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  • iPod-based Car PC

    I was thinking of setting up a car PC in my car for a while, but I sort of like the factory-look of my radio (Symphonic II) and I already have an iPod interface as well as iPod touch. While I really want the GPS functionality, and a bit more gadgets than my iPod, I don't want another screen in my car. I have also fallen in love with the iPhone-like interface of my iPod, which would probably be quite time consuming to write myself for a car pc (I program as a hobby). I came up with a slightly different idea of a car pc.


    I want to build a very low-power Linux box with WiFi inside my car that would run no GUI, and have no display. The box would be hidden in my car so I wouldn't have to see it. I plan to run the following on the box:

    -A GPS Positioning System to know my current coordinates
    -A map/road application that uses preloaded data from openstreetmap.org (this will be the trickiest part)
    -An algorithm for planning a route
    -A web-app for displaying the data and GPS controls
    -A web server such that the iPod can access GPS functionality using safari browser
    -An ssh server so that I can log in from my iPod/laptop for admin settings and maintenance
    -An ad-hoc WiFi for my iPod to connect to
    -A tiny backup battery (doesn't have to run more than a few mins) and a script to automatically poweroff the device upon car poweroff.


    I was considering trying to find some MiniITX board with Atom processor and integrated WiFi, then slapping on an SSD, memory, and some DC-DC converter. The reason I want low-power is because I'm already keeping my radio and iPod in the car, and I don't want the car battery to die. I also know that WiFi can use quite a bit of power, that's why I want to minimize its range to just a few feet if possible and set the PC to turn on/off with car ignition (I would obviously need something that boots up in seconds). Please tell me what you guys think, from the software point of view this idea seems plausible to me. I haven't worked with low-power devices, however, so I don't know how crazy this idea is from a hardware perspective. I have no idea which parts would be best, how much power draw I'm looking at, or even how much power draw my car can tolerate. Thanks.

  • #2
    There are plug-in options for the iPod that will add GPS to it. Also, xGPS will provide you not only with turn-by-turn directions on the iPod, it can use those GPS devices and you can download maps to your iPod for various areas, negating the requirement for a constant connection.

    The main issue is to get a routing when you are out of WiFi range.



    Originally posted by ghettocruzer
    I was gung ho on building a PC [until] just recently. However, between my new phone having internet and GPS and all...and this kit...Im starting to have trouble justfiying it haha.
    Want to:
    -Find out about the new iBug iPad install?
    -Find out about carPC's in just 5 minutes? View the Car PC 101 video

    Comment


    • #3
      When connected using WiFi, however, the apps get your location using your IP address. If I'm using a local WiFi (car->iPod), the IP address technically doesn't give me any useful info. Maybe I can just tell the server to pretend like it's connected to the internet, and reply to IP-based location request from iPod using GPS data. Btw, I can't seem to find the app you suggested in the app store. As far as plug-in options, I've done some research in the past, it seems a company came up with a solution and presented a prototype, but never went to mass-produce it.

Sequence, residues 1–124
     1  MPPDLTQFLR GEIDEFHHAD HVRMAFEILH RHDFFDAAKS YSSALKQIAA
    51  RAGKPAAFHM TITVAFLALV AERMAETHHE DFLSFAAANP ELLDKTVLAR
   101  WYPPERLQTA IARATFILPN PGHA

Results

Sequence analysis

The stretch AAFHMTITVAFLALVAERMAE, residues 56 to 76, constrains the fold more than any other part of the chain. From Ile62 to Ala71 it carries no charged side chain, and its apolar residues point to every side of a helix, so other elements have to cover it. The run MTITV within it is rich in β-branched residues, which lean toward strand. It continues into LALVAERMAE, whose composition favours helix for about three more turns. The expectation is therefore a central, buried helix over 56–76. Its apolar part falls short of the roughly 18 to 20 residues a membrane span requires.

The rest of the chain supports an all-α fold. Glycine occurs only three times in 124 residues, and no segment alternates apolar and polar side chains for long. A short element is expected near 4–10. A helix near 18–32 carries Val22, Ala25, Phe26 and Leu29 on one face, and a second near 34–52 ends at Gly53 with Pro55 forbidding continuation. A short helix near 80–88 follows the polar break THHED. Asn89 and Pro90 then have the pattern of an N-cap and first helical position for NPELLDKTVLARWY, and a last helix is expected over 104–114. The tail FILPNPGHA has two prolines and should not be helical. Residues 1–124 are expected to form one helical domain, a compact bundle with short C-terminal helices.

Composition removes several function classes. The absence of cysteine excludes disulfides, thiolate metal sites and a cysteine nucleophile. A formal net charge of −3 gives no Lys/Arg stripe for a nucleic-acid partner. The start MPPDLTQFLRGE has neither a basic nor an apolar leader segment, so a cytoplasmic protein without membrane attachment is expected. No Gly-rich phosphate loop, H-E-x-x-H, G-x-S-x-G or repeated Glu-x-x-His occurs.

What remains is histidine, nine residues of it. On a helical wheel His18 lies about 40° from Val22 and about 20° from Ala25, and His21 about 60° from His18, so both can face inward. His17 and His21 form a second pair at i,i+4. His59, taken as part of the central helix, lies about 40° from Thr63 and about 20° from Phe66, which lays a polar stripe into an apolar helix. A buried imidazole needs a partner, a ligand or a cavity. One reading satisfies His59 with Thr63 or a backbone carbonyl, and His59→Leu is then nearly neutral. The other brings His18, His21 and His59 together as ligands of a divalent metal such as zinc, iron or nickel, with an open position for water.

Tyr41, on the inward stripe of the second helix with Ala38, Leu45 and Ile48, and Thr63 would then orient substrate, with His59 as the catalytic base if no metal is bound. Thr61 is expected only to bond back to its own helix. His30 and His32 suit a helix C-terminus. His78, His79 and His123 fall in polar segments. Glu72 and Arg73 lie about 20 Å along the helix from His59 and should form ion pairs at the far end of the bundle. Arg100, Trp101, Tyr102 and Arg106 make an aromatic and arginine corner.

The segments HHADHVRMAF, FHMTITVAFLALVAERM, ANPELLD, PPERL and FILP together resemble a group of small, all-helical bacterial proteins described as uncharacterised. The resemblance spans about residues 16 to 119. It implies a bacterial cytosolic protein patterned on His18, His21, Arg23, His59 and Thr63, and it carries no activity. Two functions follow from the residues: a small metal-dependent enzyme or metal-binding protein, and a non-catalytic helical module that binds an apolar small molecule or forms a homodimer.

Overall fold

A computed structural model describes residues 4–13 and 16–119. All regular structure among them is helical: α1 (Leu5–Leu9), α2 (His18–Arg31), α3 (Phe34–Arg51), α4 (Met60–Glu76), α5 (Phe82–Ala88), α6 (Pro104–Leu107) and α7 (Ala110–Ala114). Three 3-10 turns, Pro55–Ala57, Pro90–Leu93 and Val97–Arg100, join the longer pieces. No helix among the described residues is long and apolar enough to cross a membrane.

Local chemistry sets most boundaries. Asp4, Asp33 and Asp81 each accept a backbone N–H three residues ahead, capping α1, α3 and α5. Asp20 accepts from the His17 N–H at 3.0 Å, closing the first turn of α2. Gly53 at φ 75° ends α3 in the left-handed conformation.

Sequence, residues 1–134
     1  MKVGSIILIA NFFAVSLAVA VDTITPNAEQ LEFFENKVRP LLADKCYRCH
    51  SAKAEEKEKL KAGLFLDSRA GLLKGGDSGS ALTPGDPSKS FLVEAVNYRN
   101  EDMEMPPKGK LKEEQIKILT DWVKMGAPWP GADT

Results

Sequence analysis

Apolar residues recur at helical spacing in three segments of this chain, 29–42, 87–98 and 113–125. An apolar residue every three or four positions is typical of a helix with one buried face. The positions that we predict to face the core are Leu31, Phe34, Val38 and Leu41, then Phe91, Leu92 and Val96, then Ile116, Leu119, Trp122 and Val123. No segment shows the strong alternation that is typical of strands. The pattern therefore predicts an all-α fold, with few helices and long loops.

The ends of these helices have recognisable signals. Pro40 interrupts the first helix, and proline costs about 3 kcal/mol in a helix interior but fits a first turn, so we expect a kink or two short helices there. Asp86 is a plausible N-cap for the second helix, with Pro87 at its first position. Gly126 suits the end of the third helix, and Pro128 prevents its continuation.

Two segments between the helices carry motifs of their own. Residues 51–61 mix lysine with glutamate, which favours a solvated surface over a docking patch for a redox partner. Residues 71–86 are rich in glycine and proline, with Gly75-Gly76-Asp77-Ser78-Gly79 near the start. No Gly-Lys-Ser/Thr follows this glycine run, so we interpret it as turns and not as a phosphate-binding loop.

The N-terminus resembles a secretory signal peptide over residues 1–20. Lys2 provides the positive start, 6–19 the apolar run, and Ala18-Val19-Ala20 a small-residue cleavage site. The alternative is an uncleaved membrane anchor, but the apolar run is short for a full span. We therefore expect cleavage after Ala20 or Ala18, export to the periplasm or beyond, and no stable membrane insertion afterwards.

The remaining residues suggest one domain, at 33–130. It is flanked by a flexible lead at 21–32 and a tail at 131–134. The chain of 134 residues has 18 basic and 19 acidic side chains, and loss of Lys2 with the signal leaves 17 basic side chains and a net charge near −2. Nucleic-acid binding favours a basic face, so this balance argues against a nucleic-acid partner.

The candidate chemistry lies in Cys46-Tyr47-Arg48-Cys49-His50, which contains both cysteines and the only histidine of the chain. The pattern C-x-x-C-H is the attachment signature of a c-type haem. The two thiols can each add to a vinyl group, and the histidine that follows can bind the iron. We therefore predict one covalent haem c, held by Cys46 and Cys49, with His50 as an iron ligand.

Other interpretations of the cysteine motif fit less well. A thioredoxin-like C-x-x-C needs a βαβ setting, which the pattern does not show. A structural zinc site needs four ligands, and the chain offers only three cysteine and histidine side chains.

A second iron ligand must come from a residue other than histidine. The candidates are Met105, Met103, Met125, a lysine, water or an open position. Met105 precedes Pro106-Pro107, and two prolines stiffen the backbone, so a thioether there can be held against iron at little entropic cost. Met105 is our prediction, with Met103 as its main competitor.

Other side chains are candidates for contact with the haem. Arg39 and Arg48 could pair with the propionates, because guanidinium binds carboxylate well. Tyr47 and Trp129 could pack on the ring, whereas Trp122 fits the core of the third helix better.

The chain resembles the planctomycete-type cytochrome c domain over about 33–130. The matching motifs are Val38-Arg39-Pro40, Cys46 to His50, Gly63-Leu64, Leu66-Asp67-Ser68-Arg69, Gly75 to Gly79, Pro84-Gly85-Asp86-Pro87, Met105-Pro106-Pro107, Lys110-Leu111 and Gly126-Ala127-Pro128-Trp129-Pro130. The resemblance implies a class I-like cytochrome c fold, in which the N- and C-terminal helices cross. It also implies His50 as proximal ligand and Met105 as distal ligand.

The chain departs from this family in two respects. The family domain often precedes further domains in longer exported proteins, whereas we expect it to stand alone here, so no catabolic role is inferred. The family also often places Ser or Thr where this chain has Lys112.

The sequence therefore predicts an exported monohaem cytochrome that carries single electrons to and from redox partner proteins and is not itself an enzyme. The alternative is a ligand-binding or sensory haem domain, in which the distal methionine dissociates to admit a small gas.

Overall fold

Comment


      • #4
        xgps is in Cydia thus your ipot has to be jailbroken.

        Also if you upgrade to the iphone 3g it has an actual gps reciever (or so I'm told). I'm currently using my iphone 2g and the xgps works ok on the edge network but it can be a li'l slow.

        Comment


        • #5
          $90 - igpsd

          Originally posted by ghettocruzer
          I was gung ho on building a PC [until] just recently. However, between my new phone having internet and GPS and all...and this kit...Im starting to have trouble justfiying it haha.
          Want to:
          -Find out about the new iBug iPad install?
          -Find out about carPC's in just 5 minutes? View the Car PC 101 video

          Comment


          • #6
            The problem with that solution is that it leaves my iPod with an additional brick at the bottom, preventing me from docking it in the cradle I already have, taking away both my ability to recharge the iPod and to listen the songs on my iPod using the interface I already have. The GPS solution I mentioned was a WiFi device that didn't interfere with my current iPod functionality (locoGPS have created a device like this and promised to start selling it, but have not updated their site in over half a year). If this solution at least included an additional iPod connector, forwarding iPod signal to the dock, it would be useable. I don't mean to be difficult, but I want a GPS functionality in addition to music, not instead. If there is a solution that already solves that, I don't mind using that. If not, I want to create my own as outlined in initial post.

            Comment


            • #7
              You're not being difficult - it's just that you said you wanted to connect to a WiFi server but all you listed for functionality was GPS.

              I agree 100% that this is the right way to go. An app on the iPhone that interacts with the server in the car is the way to connect the iPhone to the outside world.
              Originally posted by ghettocruzer
              I was gung ho on building a PC [until] just recently. However, between my new phone having internet and GPS and all...and this kit...Im starting to have trouble justfiying it haha.
              Want to:
              -Find out about the new iBug iPad install?
              -Find out about carPC's in just 5 minutes? View the Car PC 101 video

              Comment


              • #8
                After some more research, I found a compact module named iGPS360 that connects to the iPod and has additional USB connection on the bottom. It still doesn't integrate with my current iPod interface, but it might be cheaper/easier to buy new iPod interface + GPS attachment than building a CarPC, as long as the new interface supports USB devices. The only thing I'm wondering about, if I connect the iPod interface to my iPod using USB, will it still allow me to switch songs/playlists using my steering wheel controls?